‘Iao Needle Lookout Trail and Ethnobotanical Loop
The Incredible ‘Iao Needle
The ‘Iao Valley’s colorful past makes it almost impossible to not enjoy a lesson in ancient Hawai’ian history while being wowed by it’s stunning display of exotic plants, footpaths, picturesque waterfalls and pools. There is no question that the ‘Iao Valley is a favorite of locals and visitors alike. And although there is no access to the needle itself (it’s location and access is on private land), there are 6.2 acres of amazing flora and fauna and .6 miles of paved trail which ends at a lookout which boasts a 360 degree view of the island.
A Little History
‘Iao Needle isn’t just an amazing natural wonder, it’s a major historical landmark as well. The entire valley, including the needle, was declared a “sacred” (kapu) place by Kaka’e in the 1400 -1500 AD time period. Being a sacred place meant that during times of peace only royals were allowed to enter the valley. The ban on common people entering the ‘Iao Valley was lifted in times of war due to necessity. On at least one occasion the valley and needle itself was used to mount a last stand to defend the area.
The plateau on top of the needle itself was used as a natural altar and an indispensable lookout. The needle is so tall it’s often enshrouded by clouds, which is no surprise considering it’s sporting an impressive altitude of 1,200 feet (370 m) above the valley floor and an intimidating 2,250 feet (690 m) above sea level.
The .6 mile paved trail is encompassed in green, lush foliage and a few hundred years have concealed all signs of the vicious and bloody battle which began at Kepaniwai (water dam) and ended with Maui’s warriors attempting to make a final stand on top of the needle. Kamehameha’s forces were victorious against Maui’s warriors but due to other attacks on Kamehameha’s holdings on the island of Hawai’i this was not the final battle to unite Hawai’i.
It was high drama in these islands during that time because during Kamehameha’s quest to unite all of the islands of Hawaii under one ruler (himself), he was repeatedly pitted against Maui’s King Kahekili, a man that many say may have been his own father! It is rumored that Kamehameha’s mother spent time on Maui and during her travels there had a liason with King Kahekili (who already had several wives). Upon her return to her home island of Hawai’i she gave birth to Kamehameha.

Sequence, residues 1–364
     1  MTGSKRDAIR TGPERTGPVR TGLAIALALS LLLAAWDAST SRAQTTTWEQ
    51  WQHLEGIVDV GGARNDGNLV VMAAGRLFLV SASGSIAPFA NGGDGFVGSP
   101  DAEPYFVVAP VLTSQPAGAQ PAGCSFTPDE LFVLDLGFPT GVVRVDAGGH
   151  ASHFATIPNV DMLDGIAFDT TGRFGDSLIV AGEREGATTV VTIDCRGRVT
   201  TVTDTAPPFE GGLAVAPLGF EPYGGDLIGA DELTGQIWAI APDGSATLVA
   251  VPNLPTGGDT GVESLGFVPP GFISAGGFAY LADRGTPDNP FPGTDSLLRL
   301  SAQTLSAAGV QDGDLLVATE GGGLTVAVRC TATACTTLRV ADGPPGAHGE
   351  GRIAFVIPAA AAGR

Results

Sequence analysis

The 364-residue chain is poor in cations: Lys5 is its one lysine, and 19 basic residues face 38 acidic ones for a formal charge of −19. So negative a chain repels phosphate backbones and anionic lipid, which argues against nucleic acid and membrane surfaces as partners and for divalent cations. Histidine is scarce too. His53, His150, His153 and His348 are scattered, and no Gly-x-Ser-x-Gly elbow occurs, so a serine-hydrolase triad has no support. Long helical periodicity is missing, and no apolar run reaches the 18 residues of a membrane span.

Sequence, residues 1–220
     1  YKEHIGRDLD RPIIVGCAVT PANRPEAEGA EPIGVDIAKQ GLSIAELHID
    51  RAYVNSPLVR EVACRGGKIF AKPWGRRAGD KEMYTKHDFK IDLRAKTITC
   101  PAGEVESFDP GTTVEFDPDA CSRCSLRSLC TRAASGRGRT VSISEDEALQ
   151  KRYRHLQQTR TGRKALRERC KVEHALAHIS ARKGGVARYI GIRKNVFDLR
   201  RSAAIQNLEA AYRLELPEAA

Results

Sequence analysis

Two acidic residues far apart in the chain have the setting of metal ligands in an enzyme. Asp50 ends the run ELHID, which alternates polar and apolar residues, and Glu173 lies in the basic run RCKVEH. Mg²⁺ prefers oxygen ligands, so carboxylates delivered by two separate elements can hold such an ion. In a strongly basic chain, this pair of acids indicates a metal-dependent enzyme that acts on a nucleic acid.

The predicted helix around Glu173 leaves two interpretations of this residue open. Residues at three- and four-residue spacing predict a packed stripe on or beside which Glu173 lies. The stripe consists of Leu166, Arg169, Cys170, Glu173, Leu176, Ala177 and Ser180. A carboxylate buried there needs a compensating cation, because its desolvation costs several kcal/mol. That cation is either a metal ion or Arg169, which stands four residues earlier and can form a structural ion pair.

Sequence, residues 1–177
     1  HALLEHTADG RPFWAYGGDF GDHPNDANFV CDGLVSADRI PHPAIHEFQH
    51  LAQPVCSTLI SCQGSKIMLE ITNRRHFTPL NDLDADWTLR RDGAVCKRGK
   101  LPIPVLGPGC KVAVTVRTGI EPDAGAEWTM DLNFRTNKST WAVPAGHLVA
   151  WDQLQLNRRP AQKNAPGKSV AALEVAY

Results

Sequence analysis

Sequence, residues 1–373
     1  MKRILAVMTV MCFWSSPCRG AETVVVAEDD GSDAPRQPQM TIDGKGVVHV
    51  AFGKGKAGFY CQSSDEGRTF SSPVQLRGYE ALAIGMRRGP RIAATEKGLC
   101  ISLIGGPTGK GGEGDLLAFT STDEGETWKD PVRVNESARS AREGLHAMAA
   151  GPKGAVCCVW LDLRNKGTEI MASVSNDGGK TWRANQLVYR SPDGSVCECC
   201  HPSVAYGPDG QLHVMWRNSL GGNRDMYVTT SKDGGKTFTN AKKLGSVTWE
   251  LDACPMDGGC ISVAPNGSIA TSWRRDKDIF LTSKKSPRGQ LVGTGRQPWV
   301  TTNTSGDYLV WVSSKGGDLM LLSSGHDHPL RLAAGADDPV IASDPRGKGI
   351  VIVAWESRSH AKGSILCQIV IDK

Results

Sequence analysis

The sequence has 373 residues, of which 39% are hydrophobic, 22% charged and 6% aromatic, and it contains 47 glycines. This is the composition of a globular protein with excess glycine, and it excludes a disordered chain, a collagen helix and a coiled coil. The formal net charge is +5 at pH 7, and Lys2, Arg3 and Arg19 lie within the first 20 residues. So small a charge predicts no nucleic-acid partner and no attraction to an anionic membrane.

The massacre that happened here in 1790 was historically significant because it was the first battle on Maui that was fought and won with modern firearms. So many were slaughtered by the cannons and guns that the bodies dammed up the ‘Iao Stream and made it run red.
Kamehameha confiscated the weapons from foreign ships and crew members he’d taken as captives. The prisoners, Isaac Davis and John Young, became “royal advisors” in order to remain alive. They showed him how to use the weapons to defeat his enemies and even operated the cannon themselves against Kahekili’s forces at Kepaniwai, which probably helped them keep their heads for the long term. There were a few more battles in other parts of Hawaii but it wasn’t very long before Kamehameha’s goal of uniting all of Hawai’i became a reality. And, it was all thanks to numerous guns, two cannons he named “Lopaka” and “Kalola” and two white men who prefered to keep their heads.
Considering that the needle is actually an ancient lava skeleton (aka: exposed basaltic core), it’s quite fitting that the remains of hundreds of warriors have been found here, and also royals (ali’i) were laid to rest on these sheer cliffs for many generations.
Let your imagination go wild and spend a few moments reliving these ancient tales of high drama while exploring one of the most lushly beautiful settings on Earth and you will see why it’s such a special place!